14. Yeah, hazelwillow, that totally makes sense. I would be fascinated to know at what point Dumbledore learned things. For instance, the timeline on the Hepzibah Smith memory is funny – the memory comes from Hokey, who was already “very old” at the time that it happened, so Dumbledore would have had to have gotten it… when? It couldn’t have been long after Riddle resurfaced as Voldemort, and even saying he waited that long is perhaps stretching things.

    Another interesting point you touched on a bit is the idea that Dumbledore wasn’t sure what means Riddle had used to gain immortality. This seems ludicrous to a reader, who only knows of Horcruxes and a Philosopher’s Stone (and the latter wouldn’t protect you from a rebounding AK…). But Dumbledore knows a *lot* of magic that we don’t, presumably, and may have genuinely spent years or even decades wondering what method Voldemort was using before the diary came across his desk.

    So many essays to write, so little time….

  15. i just want to say to John, I LOVE your analysis, especially in “the wizarding world.” VERY well said and well-written. I’m procrastinating on my homework every day when i check your fabulous website, and its always worth it!

  16. Love Mudblood428’s Dumbledore and Harry. The colors are exquisite!

  17. I also want to point out that Voldemort is the VERY FIRST person in history (at least according to what we know) to have made more than one Horcrux. Remember how Slughorn freaked out at the idea of making more than one. So even if Dumbledore suspected Horcrux involvement, he probably wouldn’t have suspected more than one pre-CoS. And the only ones he could reasonably have found with the information he currently had are the locket and the ring, so if he suspected, let’s say, the diary or the cup of being THE Horcrux (and keeping in mind Nagini wasn’t one back then), he’d be at a complete dead end.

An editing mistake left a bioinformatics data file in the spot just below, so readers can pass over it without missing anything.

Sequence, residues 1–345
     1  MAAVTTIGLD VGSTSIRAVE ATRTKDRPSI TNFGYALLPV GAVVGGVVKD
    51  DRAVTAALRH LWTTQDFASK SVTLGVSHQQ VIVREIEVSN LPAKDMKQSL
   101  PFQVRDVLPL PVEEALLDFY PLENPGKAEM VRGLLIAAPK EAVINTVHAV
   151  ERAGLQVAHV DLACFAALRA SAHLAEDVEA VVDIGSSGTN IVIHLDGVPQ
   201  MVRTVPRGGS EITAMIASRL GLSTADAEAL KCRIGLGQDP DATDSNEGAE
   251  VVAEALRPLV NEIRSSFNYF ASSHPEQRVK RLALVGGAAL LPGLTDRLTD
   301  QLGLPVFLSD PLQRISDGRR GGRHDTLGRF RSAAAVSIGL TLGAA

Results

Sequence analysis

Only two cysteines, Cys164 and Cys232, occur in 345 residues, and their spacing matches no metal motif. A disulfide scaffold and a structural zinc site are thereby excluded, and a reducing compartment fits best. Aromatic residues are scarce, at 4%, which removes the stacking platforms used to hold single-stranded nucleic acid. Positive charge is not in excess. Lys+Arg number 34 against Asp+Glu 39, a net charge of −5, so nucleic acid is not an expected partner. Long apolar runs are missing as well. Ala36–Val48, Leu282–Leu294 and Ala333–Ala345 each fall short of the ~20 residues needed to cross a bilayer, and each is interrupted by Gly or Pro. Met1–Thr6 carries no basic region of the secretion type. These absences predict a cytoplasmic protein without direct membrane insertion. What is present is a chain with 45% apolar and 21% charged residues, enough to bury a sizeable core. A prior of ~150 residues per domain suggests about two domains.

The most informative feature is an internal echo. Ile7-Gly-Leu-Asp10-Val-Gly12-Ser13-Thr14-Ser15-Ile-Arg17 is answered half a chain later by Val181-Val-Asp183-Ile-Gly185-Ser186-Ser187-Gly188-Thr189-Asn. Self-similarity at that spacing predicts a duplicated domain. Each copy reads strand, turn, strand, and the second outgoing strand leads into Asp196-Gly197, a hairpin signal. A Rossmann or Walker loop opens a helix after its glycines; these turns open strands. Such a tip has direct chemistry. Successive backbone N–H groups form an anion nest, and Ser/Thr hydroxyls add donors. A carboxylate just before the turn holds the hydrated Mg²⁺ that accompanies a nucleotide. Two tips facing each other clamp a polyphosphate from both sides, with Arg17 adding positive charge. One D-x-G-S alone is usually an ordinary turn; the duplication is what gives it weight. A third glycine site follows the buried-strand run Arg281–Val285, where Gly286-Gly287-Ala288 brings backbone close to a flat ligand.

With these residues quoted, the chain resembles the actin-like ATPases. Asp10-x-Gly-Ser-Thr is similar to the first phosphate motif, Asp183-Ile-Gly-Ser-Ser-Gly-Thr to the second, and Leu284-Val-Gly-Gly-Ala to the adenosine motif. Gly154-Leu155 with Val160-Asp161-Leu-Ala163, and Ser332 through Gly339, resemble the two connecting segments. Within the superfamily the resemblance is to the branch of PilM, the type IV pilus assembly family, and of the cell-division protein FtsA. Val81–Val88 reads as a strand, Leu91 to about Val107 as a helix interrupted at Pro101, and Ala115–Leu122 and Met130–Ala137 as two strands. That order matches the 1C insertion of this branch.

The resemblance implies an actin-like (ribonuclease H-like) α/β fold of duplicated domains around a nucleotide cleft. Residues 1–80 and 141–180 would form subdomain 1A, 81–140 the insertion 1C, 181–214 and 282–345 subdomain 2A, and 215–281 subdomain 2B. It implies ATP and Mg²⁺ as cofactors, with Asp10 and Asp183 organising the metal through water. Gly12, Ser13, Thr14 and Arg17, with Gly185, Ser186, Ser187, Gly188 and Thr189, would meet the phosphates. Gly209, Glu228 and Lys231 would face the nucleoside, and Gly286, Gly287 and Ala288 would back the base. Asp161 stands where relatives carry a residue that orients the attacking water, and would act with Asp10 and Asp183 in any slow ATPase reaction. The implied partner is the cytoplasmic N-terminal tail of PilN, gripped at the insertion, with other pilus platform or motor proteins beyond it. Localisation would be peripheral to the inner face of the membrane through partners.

18. John, the questions you raise on this site are pure gold. You keep inspiring me to write these long essays in response, if only because I enjoy thinking through the things you raise! In short: sorry and thanks!

  19. Has it ever been clarified what exactly was left behind of Voldemort after he attacked the Potters? There couldn’t have been a body, or the wizarding world would have had no doubt that he was dead. But there must have been something, or people wouldn’t have known for sure that it was Voldemort who had done it. Did his body evaporate and leave empty robes behind?

  20. Billie, we only really get two clues that I’m aware of – one is Voldemort’s description of how Pettigrew found him, in GF33:

    His filthy little friends told him there was a place, deep in an Albanian forest, that they avoided, where small animals like themselves had met their deaths by a dark shadow that possessed them….

    which gives us some idea of what his state must have been like. The other clue we get is that we know Wormtail went in and picked up Voldemort’s wand, because he had it later (and because Rowling said in an interview that he’d done it). But perhaps the robes were left behind – I mean, that would make sense, right?

  21. I almost forgot, hpboy13 – your point makes a lot of sense to me. I hadn’t thought about it that way before, but it definitely helps explain where Dumbledore is coming from.